Verdant View – February 2024

This year has proven to be the coldest in 10 years in our Lakeside area. I see my garden responding to the cold. Now that the sun’s intensity has returned the plants are trying to start themselves again after an extended cold spell. The plants are troopers, trying to adapt, knowing that they should now be preparing to return to their former glory, but aware that something is awry. In February the temperature difference from day to night can be as much as 20 degrees Centigrade/68 Fahrenheit.

With our recent drought the lack of rain has placed an added burden on my garden. Lake Chapala is now at 48 % capacity. I’m fortunate to live in an area that still receives sufficient water to maintain my garden, but I also work in areas such as San Pedro Itzican and the villages adjoining and water is scarce there. Most days the people in these villages have to purchase water from ‘pipas’ or water trucks to have enough to wash and bathe, let alone water their gardens.

To Lake Chapala’s detriment, between 1980 and 2002 more than 500 dams were constructed on the Rio Lerma by thousands of farmers using the 470 miles of river water to irrigate their crops. The Rio Lerma empties into Lake Chapala and the water levels have dropped significantly as a result.

According to CNRS, the French National Center for Scientific Research from Phys.org, wildflowers are increasingly doing without insect pollinators. Scientists at the CNRS and the University of Montpellier have discovered that flowering plants growing in farmland are increasingly growing without insect pollinators. As reproduction becomes more difficult for them in an environment depleted of pollinating insects, the plants are evolving towards self-fertilization. These findings are published in a paper in the journal New Phytologist. By comparing field pansies growing in the Paris region today with pansies from the same localities resurrected in the laboratory from seeds collected between 1992 and 2001, the research team found that today’s flowers are 10% smaller, produce 20% less nectar, and are less visited by pollinators than their ancestors.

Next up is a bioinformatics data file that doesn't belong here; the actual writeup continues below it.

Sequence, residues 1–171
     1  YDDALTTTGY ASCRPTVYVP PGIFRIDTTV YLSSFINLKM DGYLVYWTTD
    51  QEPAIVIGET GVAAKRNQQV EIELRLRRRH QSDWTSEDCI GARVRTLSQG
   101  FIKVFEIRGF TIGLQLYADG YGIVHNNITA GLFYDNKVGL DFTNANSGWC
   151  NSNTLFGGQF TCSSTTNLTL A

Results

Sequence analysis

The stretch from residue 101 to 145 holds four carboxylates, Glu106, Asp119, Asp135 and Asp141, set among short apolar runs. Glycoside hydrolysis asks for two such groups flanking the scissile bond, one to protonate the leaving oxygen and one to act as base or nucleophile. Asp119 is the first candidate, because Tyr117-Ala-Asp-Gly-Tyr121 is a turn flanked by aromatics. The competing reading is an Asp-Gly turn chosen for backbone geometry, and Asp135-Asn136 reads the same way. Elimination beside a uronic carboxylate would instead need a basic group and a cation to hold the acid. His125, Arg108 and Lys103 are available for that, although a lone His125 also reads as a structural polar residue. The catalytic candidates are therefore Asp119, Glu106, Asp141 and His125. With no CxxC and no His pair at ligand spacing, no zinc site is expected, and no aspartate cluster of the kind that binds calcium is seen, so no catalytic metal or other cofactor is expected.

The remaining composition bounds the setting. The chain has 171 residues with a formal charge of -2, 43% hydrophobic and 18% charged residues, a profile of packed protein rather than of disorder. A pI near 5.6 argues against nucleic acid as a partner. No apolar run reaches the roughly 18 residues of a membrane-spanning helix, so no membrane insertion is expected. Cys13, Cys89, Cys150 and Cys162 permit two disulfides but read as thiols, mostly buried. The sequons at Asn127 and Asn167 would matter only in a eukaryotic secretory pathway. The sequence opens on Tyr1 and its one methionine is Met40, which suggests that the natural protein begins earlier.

This rapid evolution is thought to be due to the decline in pollinator populations in Europe. Indeed, a study conducted in Germany showed that over 75% of the biomass of flying insects has vanished from protected areas in the last thirty years. The study identified a vicious circle in which the decline in pollinators leads to reduced nectar production by flowers, which could in turn exacerbate the decline of these insects. It underlines the importance of implementing measures to counter this phenomenon as quickly as possible and thus safeguard the interactions between plants and pollinators, which have existed for millions of years.

In the meantime, the plants are doing their best to adapt. Some scientist also say that this recent, needed adaptability is increasing productivity in our plants. This could be a sign that forced adaptability can be a good thing…until it is not.

I’ve found that most people shy away from change if given a choice or unless it is required. Once we see that change is inevitable we then start moving forward, sometimes with reluctance. Perhaps we can learn a thing or two from plants and their ability to change. Change can be positive and beneficial albeit difficult.

What to plant in February

The weather is chilly at night, but clear and sunny during the day. The few summer edibles that still exist, like tomatoes are struggling trying to give tiny fruits hoping to ripen enough to pick. The deciduous trees and plants are becoming even more seasonally colorful and the edibles and ornamentals that love the chill are getting stronger quickly. Daytime temperatures make working in the garden very enjoyable.  So what to concentrate on in the garden? 

Do you want to grow tomatoes, peppers, and eggplants? Start these indoors around February. Then, around April you should start watching the weather and, as soon as it is warm enough, go ahead and transplant those into the ground.

It is still cold at night, but warmer in the morning. Pruning now will bring back many plants that are looking a little sad, encouraging new growth. Look for iris, heliotrope, pentas, primrose and snapdragons at the viveros. Now is the time to put radishes, carrots, Swiss chard, kohl rabi, leeks, and beans (wax, runner and bush) in the garden.  For flower growers, start morning glory, evening primrose, liatris, clarkia and tuberous begonias in pots. It’s an excellent time to get the garden cleaned up and ready for the hot, dry months and the new things you will be planting. Don’t forget to deadhead and water and keep up with your compost.

I dream of having some late seasonal, gentle rains so the soil can drink it slowly. Unless that happens irrigation should be reduced, not stopped, as plant photosynthesis slows down and cold weather dries plants out. Water less frequently but just as deeply to assure that the full root systems are hydrated.


For more information about Lake Chapala visit: www.chapala.com


Francisco Nava
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